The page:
The mass grave near Immingham contains the remains of at least 48 men, women and children. Photograph: University of Sheffield/PA
Mass grave shows how Black Death devastated the countryside
Grave in Lincolnshire dates to medieval pandemic of 1348 and reveals rural plague catastrophe
A mass grave containing the remains of dozens of victims of the Black Death offers chilling new evidence of the speed and scale of the devastation the plague brought to rural England, according to archaeologists.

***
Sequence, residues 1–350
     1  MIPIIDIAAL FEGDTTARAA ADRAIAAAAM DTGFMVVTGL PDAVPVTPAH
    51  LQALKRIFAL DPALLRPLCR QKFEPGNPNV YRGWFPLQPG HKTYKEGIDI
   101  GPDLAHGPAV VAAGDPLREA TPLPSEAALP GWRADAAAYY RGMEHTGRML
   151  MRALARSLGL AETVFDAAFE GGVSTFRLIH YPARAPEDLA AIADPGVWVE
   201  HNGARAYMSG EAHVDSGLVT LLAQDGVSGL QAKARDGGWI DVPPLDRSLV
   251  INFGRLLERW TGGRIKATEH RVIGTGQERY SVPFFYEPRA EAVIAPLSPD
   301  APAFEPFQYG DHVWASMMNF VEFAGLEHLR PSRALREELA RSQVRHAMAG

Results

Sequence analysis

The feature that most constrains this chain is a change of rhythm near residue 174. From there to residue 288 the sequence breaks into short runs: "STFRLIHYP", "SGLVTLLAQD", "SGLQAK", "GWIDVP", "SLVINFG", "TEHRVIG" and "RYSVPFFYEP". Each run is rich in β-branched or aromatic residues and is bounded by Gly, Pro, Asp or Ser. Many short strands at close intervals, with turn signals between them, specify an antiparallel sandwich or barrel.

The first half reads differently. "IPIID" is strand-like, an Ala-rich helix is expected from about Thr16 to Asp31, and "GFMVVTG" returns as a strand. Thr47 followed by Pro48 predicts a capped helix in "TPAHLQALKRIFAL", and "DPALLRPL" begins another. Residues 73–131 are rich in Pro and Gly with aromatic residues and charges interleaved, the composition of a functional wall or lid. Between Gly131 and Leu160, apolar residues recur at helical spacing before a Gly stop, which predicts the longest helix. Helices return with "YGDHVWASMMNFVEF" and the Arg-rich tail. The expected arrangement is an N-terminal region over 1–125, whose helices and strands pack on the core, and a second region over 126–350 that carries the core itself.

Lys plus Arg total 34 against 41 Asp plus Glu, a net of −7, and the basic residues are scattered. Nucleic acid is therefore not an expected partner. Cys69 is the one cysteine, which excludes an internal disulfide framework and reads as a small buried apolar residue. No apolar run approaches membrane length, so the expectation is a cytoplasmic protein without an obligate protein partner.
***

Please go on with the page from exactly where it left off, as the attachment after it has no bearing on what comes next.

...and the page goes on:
The grave, discovered in a remote corner of rural Lincolnshire, has been dated to the 14th century, almost certainly to the earliest and deadliest medieval outbreak of the disease in 1348-9.
It contained the bodies of at least 48 men, women and children who were laid in a sandy pit within days of each other. DNA tests on the bodies found the plague pathogen, confirming how they died.
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